The story of a Quebec boy tackling the pain and vagaries of adolescence, accompanied by a soundtrack of David Bowie, Pink Floyd and even his father's Patsy Cline records, was the runaway winner at last night's 26th annual Genie Awards.
Canada's version of the Oscars awarded the acclaimed film and box-office hit C.R.A.Z.Y. 10 Genies yesterday in such categories as best picture, best director to Jean-Marc Vallée, best leading actor to Michel Côté and best screenplay, which Mr. Vallée shared with François Boulay.
It also won the Golden Reel Award for the Canadian film with the highest domestic box office last year, grossing more than $6.2-million in Canada.
At a comfortable black-tie-optional event at the Carlu, a recently restored theatre in Toronto, the accolades continued for C.R.A.Z.Y.
The movie was a driving force behind another boom year for French-Canadian cinema, which had a 30-per-cent jump in ticket sales in Quebec last year compared with a strong 2004, according to a report issued earlier this year from industry tracker Cinéac of Montreal. The movie contributed around 25 to 30 per cent of Quebec's total box-office last year.
"I feel like a kid on Christmas Eve," Mr. Vallée said. Yet "I'm a little frustrated. I wish we had more screens outside Quebec."
The wide appeal of C.R.A.Z.Y. could be a product of how universal teenage problems are intertwined with rock music.
"Before I would have thought it was just [about]Quebec. But in Italy, in France, in Spain, and Maroc [Morocco] a lot of people say it's like that," said Danielle Proulx, who won the best-supporting-actress prize for her role as the mother in the film.
C.R.A.Z.Y. was by far the lead contender heading into the evening with 12 nominations.
It shared some of the spotlight with Toronto-based filmmaker Deepa Mehta's Water, which delves into the oppression of widows in traditional India. Water had received nine nominations, including one for best picture, but wound up with three Genies yesterday. Indian actor Seema Biswas, who played one of the widows, won the best-actress prize, while the prolific Canadian composer Mychael Danna, who also composed the soundtrack for Capote, won best original score for Water.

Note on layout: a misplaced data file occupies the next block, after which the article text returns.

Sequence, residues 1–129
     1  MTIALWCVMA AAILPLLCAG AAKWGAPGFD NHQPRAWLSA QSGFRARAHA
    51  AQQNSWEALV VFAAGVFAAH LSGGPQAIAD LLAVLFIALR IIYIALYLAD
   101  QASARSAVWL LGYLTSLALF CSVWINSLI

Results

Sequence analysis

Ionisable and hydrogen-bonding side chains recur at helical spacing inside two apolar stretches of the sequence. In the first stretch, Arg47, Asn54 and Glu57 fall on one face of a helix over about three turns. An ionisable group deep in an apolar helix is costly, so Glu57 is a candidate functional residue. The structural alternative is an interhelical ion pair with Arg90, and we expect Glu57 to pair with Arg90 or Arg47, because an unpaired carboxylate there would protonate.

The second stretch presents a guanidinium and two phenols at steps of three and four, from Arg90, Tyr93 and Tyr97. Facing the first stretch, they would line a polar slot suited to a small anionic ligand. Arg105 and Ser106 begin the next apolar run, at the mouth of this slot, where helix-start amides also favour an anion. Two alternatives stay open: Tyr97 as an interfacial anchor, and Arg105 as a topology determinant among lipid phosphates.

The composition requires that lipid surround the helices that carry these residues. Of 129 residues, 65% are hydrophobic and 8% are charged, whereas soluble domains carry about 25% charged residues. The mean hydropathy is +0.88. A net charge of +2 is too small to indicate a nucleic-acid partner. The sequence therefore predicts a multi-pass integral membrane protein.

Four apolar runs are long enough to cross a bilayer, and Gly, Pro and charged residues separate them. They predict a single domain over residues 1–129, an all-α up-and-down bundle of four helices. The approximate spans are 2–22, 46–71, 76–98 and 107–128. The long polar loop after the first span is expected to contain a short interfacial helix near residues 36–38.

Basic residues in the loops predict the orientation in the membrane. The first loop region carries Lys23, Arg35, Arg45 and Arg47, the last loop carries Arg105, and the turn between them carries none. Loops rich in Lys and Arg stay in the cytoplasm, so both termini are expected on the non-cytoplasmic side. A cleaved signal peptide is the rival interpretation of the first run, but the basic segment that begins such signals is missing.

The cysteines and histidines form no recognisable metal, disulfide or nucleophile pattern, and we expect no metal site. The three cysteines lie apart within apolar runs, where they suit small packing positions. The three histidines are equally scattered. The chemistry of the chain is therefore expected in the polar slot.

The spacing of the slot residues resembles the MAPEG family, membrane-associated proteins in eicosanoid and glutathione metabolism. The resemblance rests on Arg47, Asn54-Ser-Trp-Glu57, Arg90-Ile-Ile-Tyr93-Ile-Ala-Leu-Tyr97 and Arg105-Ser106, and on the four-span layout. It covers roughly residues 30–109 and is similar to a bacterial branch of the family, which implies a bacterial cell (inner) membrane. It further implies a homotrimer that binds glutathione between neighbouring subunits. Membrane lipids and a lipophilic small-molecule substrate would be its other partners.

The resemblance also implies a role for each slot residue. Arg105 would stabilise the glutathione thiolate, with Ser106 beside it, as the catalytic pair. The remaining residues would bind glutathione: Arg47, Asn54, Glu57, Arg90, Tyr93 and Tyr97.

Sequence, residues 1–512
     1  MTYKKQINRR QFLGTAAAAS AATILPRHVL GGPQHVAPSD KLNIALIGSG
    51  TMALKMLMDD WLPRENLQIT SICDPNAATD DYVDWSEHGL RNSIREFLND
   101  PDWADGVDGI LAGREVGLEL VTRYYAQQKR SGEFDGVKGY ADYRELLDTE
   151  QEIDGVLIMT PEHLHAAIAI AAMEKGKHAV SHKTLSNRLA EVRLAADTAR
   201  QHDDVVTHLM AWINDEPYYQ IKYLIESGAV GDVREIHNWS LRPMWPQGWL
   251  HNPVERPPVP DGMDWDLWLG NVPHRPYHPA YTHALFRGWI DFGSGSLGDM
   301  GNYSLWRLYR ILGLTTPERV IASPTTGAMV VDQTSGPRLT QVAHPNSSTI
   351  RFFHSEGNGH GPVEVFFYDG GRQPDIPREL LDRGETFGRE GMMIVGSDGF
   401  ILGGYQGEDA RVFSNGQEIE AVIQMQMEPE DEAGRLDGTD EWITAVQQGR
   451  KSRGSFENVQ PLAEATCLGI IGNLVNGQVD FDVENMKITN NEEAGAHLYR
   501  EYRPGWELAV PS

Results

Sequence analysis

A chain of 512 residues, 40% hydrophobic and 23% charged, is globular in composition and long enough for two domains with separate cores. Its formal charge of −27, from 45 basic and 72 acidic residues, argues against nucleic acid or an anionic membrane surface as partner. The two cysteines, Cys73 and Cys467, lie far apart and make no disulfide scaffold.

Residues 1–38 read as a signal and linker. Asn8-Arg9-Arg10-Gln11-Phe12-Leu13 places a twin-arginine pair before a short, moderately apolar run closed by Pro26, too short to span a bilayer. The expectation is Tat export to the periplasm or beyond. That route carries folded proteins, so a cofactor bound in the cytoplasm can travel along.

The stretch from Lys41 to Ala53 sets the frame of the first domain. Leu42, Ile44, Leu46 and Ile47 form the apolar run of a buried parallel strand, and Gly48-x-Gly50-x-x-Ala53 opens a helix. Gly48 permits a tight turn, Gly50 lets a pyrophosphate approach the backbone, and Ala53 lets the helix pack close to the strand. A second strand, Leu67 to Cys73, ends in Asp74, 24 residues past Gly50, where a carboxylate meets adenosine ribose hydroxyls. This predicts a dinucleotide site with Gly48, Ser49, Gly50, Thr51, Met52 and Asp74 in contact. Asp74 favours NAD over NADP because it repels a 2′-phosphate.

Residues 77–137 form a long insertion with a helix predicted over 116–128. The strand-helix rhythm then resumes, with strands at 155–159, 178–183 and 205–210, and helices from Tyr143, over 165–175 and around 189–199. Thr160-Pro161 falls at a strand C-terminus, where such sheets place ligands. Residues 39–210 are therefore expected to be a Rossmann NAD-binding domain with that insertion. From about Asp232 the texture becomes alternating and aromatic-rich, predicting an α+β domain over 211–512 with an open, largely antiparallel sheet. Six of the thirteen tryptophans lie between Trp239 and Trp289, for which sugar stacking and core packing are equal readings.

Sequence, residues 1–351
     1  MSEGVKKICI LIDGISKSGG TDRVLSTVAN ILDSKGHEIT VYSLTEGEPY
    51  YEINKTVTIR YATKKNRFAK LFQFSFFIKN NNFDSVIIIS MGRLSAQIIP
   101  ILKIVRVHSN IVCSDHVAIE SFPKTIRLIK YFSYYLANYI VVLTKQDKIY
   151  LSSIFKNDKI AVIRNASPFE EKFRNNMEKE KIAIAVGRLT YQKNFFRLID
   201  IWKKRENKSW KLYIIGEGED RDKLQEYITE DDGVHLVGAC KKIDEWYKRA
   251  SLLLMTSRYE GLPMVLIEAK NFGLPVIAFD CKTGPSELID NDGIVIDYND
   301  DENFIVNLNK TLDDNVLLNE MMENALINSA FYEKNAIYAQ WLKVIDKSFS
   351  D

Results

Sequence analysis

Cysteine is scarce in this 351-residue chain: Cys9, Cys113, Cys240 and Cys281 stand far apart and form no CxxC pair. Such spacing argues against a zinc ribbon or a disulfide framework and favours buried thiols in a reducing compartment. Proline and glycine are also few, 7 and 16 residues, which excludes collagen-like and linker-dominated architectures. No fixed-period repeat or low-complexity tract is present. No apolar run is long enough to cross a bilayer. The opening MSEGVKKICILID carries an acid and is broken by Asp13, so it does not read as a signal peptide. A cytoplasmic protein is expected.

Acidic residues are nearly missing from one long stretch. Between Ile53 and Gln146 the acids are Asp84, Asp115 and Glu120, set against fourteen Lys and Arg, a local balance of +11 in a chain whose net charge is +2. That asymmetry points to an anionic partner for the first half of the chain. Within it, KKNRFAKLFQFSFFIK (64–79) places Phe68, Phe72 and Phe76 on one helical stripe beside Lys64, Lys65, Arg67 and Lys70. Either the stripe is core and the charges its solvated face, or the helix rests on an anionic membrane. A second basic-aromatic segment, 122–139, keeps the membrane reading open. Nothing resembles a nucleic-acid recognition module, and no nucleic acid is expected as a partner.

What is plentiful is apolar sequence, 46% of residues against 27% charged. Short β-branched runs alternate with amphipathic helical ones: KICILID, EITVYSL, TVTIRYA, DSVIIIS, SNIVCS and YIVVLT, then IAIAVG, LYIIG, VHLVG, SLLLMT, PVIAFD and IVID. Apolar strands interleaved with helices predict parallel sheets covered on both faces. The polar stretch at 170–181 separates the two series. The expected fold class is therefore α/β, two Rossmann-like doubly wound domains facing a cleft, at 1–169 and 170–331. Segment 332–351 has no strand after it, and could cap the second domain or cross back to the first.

Filmed in Sri Lanka after the opposition of conservative Hindu groups in the holy city of Varanasi on the Ganges forced the film set to shut down there, Water has been strongly praised for its photography. Its director of photography Giles Nuttgens won for best cinematography last night.
Another film with numerous nominations -- eight in total, including best picture -- was It's All Gone Pete Tong, a mock-documentary about a British DJ who lives a life of massive, comedic overindulgence and winds up going deaf. Well received by critics, it walked away empty-handed yesterday. Saint Ralph, about a boy training for the Boston marathon and also nominated for best picture, also got bowled by the C.R.A.Z.Y. express.
Conspicuously absent was Toronto filmmaker David Cronenberg's A History of Violence. Under the rules of the Academy of Canadian Cinema and Television, which administers the Genies, it was classified as being an American-financed film and didn't qualify. Atom Egoyan's Where the Truth Lies did qualify, however, and won best adapted screenplay.
The Genie Awards ceremony itself has struggled to find the right format in recent years, as the public's appetite for award shows continues to dwindle. Circular tables made for awkward logjams in past years as winners tried to make their way to the stage.
And the predominance of Quebec films and French acceptance speeches made for uneven telecasts. This time, CHUM decided not to air the awards ceremony at all, but only an after-party special featuring interviews with the winners, stars and highlights of the awards show.
Best film C.R.A.Z.Y.
Art direction, production design Patrice Vermette, C.R.A.Z.Y.
Costume design Ginette Magny, C.R.A.Z.Y.
Cinematography Giles Nuttgens, Water
Direction Jean-Marc Vallée, C.R.A.Z.Y.
Editing Paul Jutras, C.R.A.Z.Y.
Music, original score Mychael Danna, Water
Music, original song Glenn Buhr, Margaret Sweatman for When Wintertime from Seven Times Lucky
Actor in a leading role Michel
Actor in a supporting role Denis Bernard, L'audition
Actress in a leading role Seema Biswas, Water
Actress in a supporting role
Danielle Proulx, C.R.A.Z.Y.
Overall sound Yvon Benoît, Daniel Bisson, Luc Boudrias, Bernard Gariépy Strobl, C.R.A.Z.Y.
Sound editing Martin
Pinsonnault, Mira Mailhot, Simon Meilleur, Mireille Morin, Jean-François Sauvé, C.R.A.Z.Y.
Original screenplay Jean-Marc Vallée, François Boulay,
Adapted screenplay Atom Egoyan, Where the Truth Lies
Live action short drama Milo 55160
Animated short cNote
Golden Reel Award C.R.A.Z.Y.
Claude Jutra Award Louise